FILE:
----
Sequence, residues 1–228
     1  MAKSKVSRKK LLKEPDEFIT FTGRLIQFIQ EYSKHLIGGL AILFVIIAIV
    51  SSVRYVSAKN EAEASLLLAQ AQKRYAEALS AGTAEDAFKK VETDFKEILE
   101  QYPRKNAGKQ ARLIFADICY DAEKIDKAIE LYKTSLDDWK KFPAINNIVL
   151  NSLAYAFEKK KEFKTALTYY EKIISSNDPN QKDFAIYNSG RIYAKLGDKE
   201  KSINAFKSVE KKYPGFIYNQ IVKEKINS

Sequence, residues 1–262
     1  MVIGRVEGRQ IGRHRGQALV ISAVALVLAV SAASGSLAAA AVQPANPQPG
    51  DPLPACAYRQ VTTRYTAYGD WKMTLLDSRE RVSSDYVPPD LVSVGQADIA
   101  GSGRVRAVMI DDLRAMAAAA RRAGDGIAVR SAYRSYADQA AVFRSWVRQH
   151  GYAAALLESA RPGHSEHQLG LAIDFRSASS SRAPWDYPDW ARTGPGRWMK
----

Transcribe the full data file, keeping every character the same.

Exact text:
Sequence, residues 1–228
     1  MAKSKVSRKK LLKEPDEFIT FTGRLIQFIQ EYSKHLIGGL AILFVIIAIV
    51  SSVRYVSAKN EAEASLLLAQ AQKRYAEALS AGTAEDAFKK VETDFKEILE
   101  QYPRKNAGKQ ARLIFADICY DAEKIDKAIE LYKTSLDDWK KFPAINNIVL
   151  NSLAYAFEKK KEFKTALTYY EKIISSNDPN QKDFAIYNSG RIYAKLGDKE
   201  KSINAFKSVE KKYPGFIYNQ IVKEKINS

Sequence, residues 1–262
     1  MVIGRVEGRQ IGRHRGQALV ISAVALVLAV SAASGSLAAA AVQPANPQPG
    51  DPLPACAYRQ VTTRYTAYGD WKMTLLDSRE RVSSDYVPPD LVSVGQADIA
   101  GSGRVRAVMI DDLRAMAAAA RRAGDGIAVR SAYRSYADQA AVFRSWVRQH
   151  GYAAALLESA RPGHSEHQLG LAIDFRSASS SRAPWDYPDW ARTGPGRWMK